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Judge Michael B. Mukasey
October 17, 2007
Opening Statement of Judge Michael Mukasey
Good morning Chairman Leahy, Ranking Member Specter, and Members of the Committee; thank you for the opportunity to be here today.
When my nomination to be the 81st Attorney General of the United States was announced, I expressed to President Bush my gratitude and deep sense of honor. Since then, I have had the benefit of your graciousness in taking the time to meet with me privately, to express your views and concerns, and to hear my views. I am grateful to each of you for that, as I am to Senators Schumer and Lieberman for their generous remarks in introducing me this morning. And of course, I am grateful to my family - my wife Susan and my children, Marc and Jessica, who have been a part of whatever I have done that is worthwhile.
But what comes most strongly to mind as I deliver these brief remarks is that this isn't about me, or even about my gratitude to the many people who helped me get here; this is about the more than 100,000 men and women of the Department of Justice, who bear the responsibility to pursue justice through the rule of law, in U.S. Attorney's offices, in investigative field divisions, in federal prisons and other facilities, all over this country and around the world.
There are in a sense many cultures in those different offices and divisions, and there are differences as well between the culture of the Department as it may appear in the building that occupies a square block here in Washington, and as it may appear in each of the 93 United States Attorneys' offices around the country. But all those apparently different cultures are united by shared values and standards. Legal decisions and the progress of cases are decided by facts and law, not by interests and motives.
So too, the Justice Department's mission includes advising the other departments and agencies of government, including the President, on what choices they are free to make and what limits they face. Here too, the governing standard is what the law and Constitution permit and require.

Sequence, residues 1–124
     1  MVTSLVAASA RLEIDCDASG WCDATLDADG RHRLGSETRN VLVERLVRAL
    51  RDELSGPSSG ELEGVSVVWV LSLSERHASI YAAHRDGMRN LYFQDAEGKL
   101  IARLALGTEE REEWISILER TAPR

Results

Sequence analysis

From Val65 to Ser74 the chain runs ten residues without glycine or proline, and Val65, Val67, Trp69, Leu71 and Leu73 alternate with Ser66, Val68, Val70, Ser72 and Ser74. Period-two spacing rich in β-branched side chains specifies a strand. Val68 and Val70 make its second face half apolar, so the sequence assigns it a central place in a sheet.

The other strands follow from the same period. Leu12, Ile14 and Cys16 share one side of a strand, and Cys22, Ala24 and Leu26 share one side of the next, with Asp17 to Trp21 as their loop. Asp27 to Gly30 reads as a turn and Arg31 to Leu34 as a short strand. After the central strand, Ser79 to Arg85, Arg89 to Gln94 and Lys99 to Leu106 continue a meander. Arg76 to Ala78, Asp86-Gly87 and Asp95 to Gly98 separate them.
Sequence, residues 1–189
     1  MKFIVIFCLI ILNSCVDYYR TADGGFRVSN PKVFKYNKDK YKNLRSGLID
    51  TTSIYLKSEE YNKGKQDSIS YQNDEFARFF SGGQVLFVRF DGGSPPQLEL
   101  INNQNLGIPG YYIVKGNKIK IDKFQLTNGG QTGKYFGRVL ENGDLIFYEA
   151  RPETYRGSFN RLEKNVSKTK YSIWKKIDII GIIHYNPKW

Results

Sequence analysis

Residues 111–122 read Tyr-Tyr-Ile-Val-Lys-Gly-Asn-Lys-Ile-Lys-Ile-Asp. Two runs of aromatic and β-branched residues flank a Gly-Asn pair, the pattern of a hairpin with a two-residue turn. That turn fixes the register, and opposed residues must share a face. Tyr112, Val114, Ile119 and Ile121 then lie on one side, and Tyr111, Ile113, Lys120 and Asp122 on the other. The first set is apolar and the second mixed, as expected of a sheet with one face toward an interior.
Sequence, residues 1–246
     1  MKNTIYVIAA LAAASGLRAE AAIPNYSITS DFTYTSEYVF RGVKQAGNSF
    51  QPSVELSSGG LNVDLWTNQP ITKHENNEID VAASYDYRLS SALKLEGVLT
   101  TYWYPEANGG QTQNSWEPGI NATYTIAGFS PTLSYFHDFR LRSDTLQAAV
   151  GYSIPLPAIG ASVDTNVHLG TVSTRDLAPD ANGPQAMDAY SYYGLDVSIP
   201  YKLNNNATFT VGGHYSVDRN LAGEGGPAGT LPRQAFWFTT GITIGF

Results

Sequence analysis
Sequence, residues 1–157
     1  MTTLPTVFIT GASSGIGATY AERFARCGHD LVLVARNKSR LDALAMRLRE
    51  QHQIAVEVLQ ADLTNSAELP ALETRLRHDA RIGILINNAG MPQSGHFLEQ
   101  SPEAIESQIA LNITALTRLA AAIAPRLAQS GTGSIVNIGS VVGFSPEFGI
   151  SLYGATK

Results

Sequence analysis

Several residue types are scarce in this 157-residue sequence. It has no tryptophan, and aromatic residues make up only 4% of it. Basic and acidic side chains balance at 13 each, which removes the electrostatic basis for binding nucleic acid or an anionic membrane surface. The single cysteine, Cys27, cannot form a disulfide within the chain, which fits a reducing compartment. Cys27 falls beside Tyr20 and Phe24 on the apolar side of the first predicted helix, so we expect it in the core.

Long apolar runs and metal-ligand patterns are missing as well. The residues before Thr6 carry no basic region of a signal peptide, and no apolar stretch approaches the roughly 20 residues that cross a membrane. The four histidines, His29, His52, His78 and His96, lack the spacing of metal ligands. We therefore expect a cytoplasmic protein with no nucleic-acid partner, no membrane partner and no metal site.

I am here in the first instance to tell you, but also to tell the men and women of the Department of Justice, that those are the standards that guided the Department when I was privileged to serve 35 years ago, and those are the standards I intend to help them uphold if I am confirmed.
Because of the times in which we live, it was to be expected - as in fact happened - that many of you would discuss with me weighty and serious issues that sometimes seem to raise a conflict between liberty and security. A great Attorney General, perhaps the greatest to serve in the modern era, Robert Jackson, said that the issue between authority and liberty is not between a right and a wrong - that never presents a dilemma. The dilemma is because the conflict is between two rights, each in its own way important. That is why I have told you during those discussions, and may have occasion to repeat again here today, that protecting civil liberties, and people's confidence that those liberties are protected, is a part of protecting national security, just as is the gathering of intelligence to defend us from those who believe it is their duty to make war on us. We have to succeed at both. It is the honor and the privilege of the men and women of the Justice Department to help us do that, and if I am confirmed it will be my honor and privilege to try to help them help us.
As I mentioned a moment ago, you have been generous with your time and your advice in the past couple of weeks. I believe that the Department's relationship with this Committee and with Congress is vital to fulfilling its mission. I want to assure you that, if confirmed, I will always appreciate and welcome your advice, as I have since my nomination, and that I and others in the Department will try to be available to you. In that spirit, I am ready to answer the questions you have for me today.